Indians Capture Samuel
Porter of Castlewood
Samuel Porter settled
at Castlewood with the first settlers in 1769. He is not to be confused
with another Samuel Porter, son of Patrick Porter, who lived at Porter's
Fort, on Fall Creek, near Dungannon.
Samuel Porter who
was captured by the Indians and carried to Canada, lived at Temple Hill
in Castlewood. According to family tradition he was a sort of lay or local
Methodist minister, and had four sons, all of whom became Methodist ministers
and moved to Missouri.
It is not known
to this writer just when and under what conditions Samuel Porter was captured.
He may have been taken in 1778 at the time Captain John Dunkin and the
Solomon Litton family were captured near Glade Hollow Fort. That he remained
in captivity sometimes, is shown by a letter written by his former neighbor.
Captain William Russell, from Aspenvale, to the Governor of Virginia, on
the 25th of September, 1783, wherein he says:
"In behalf of Patrick
Porter a returned prisoner from Detroit, who has been a worthy citizen
of Virginia since 1769, and had proved his attachment to the American cause.
Col. Arthur Campbell, since his return home had caused his arrest upon
charge of adhering to the enemy (British) while in captivity at Detroit,
and had ordered him to report for trial on several occasions, but had postponed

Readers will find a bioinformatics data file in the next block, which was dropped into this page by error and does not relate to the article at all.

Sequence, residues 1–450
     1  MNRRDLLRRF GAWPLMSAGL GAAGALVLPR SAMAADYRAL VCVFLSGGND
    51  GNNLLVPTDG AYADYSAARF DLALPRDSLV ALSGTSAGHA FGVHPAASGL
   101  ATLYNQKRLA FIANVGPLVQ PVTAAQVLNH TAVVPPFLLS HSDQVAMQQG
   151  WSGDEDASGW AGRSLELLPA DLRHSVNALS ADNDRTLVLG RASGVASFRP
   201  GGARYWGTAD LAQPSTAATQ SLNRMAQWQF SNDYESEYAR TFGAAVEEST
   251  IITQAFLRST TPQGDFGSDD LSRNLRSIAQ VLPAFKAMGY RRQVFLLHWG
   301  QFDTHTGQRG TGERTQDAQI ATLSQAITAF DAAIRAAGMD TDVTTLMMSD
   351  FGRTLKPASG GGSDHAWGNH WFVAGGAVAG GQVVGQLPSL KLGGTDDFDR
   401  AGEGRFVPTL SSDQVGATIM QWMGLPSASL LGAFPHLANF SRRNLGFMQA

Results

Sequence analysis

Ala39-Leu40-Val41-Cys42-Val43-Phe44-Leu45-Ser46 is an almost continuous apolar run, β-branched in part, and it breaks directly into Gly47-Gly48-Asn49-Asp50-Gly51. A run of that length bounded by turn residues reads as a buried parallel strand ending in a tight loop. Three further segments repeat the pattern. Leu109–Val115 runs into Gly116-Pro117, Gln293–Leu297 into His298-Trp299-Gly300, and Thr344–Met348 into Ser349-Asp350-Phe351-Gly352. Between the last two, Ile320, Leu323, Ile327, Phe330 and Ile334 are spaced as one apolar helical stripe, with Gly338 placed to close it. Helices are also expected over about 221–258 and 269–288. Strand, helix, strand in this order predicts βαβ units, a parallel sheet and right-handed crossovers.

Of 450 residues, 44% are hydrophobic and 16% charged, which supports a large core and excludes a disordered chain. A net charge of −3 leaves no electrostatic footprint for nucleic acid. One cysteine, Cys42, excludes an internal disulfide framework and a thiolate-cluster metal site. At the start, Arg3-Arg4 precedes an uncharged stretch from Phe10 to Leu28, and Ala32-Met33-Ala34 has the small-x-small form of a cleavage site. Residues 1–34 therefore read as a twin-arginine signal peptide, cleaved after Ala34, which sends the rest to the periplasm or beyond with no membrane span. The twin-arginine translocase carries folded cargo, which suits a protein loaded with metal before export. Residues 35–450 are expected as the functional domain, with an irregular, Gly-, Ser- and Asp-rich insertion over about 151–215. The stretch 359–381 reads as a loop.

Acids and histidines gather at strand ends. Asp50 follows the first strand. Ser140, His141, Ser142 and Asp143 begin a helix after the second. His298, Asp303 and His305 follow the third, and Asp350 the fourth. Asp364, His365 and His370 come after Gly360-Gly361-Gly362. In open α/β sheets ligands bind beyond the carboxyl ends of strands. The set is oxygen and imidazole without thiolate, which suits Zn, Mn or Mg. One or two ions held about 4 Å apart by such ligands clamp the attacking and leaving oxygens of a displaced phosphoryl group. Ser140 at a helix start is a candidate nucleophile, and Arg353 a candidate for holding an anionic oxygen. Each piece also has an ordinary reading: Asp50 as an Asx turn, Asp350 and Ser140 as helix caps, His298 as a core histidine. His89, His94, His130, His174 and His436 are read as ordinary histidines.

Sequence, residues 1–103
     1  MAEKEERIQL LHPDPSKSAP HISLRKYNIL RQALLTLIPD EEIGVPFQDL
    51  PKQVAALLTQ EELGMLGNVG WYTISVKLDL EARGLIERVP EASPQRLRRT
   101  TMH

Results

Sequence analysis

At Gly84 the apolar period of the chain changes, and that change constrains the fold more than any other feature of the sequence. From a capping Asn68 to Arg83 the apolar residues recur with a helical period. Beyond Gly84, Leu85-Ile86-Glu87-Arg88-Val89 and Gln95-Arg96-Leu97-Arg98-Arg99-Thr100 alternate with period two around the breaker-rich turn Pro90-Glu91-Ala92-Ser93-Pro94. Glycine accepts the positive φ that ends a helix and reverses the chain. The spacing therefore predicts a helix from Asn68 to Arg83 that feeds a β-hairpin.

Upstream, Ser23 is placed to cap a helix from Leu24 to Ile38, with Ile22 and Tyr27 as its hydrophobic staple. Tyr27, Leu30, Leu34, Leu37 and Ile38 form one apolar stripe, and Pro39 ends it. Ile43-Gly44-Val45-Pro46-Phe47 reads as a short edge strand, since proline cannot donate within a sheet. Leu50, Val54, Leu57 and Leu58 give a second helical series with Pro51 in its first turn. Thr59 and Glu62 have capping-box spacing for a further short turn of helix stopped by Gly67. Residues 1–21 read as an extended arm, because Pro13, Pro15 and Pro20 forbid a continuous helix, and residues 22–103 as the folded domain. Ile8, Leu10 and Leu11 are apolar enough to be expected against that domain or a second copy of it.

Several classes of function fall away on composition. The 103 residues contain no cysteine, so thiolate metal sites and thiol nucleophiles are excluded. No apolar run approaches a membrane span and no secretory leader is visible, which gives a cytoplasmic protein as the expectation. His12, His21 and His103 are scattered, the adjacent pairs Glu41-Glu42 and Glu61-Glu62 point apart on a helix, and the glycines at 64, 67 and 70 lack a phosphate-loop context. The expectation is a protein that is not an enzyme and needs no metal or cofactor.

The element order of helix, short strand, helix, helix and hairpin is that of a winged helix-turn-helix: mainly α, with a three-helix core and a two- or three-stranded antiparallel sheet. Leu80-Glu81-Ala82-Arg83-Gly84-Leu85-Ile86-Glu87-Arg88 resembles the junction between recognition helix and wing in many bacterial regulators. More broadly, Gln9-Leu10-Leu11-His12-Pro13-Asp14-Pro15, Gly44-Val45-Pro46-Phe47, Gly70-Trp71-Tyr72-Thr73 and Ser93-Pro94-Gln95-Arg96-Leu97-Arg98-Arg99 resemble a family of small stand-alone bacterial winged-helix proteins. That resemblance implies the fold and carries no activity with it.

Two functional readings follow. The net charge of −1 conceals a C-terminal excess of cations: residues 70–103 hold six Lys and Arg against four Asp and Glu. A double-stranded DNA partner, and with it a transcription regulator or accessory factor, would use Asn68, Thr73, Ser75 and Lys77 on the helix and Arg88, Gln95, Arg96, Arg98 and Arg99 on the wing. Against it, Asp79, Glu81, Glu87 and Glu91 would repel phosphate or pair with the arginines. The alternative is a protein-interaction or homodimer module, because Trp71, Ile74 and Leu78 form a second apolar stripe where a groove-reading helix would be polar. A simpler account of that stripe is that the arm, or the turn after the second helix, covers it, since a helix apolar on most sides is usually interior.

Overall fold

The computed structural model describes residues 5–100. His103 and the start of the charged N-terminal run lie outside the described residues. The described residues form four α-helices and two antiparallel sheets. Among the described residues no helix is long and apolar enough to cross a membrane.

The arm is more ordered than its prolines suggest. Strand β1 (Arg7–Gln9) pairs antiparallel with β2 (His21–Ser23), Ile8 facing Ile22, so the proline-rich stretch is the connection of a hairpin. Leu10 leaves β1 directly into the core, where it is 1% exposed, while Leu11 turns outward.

his examination, from time to time, without giving reason thereof. Col.
Russell thinks he is unjustly charged, and begs leave to say to the Governor,
'I fear Col. Campbell's present close attention to affect a new state in
this part of the country, will engage his time to the neglect of any individual
among us.'" (Virginia State Papers, Vol. 3, page 532)
to this charge of treason by Col. Arthur Campbell against Porter is unknown
to me, but apparently the charge was, as Russell says, unjust, for he resided
on at Castlewood until his death. His will recorded March 8, 1820, in Russell
County, mentions his wife, Elizabeth, sons James, Thomas D., Samuel and
John Porter. Daughters, Peggy, who married a Dickenson and Tabitha, who
married a Smith. He mentions his grandchildren, the children of daughter
Peggy as Nathaniel, Betsy, Tabitha and Duncan G. Dickenson.
A traditional story
of the Porter family was told to Dr. Goodridge Wilson, by the late Mr.
S. N. Dickenson, great-grandson of Samuel Porter and published in the Roanoke
Times several years ago, which goes as follows:
"Once while Samuel
Porter was erecting a house his four sons were working on the rafters when
a party of Indians came upon them and would have captured them had not
some great bear dogs attacked them and engaged their whole attention while
the boys made their escape."
That one of his
daughters, Margaret, was red headed and the other, Tabitha was black headed,
and that the family was refugeeing in Castlewood Fort one time when Benge
and his marauders were abroad. Margaret Porter and her sister went to the
spring one night for a bucket of water and passed by a hemp shock close
by the road. Benge, himself, spying on the fort, was hiding behind the
shock of hemp and could have touched them as they passed, but allowed them
to go and come unmolested, not caring to make an alarm. Benge in telling
about it said, "that a black haired squaw and a red haired squaw went to
the spring and back, passing so close to him that he could have seized
them both without moving his feet."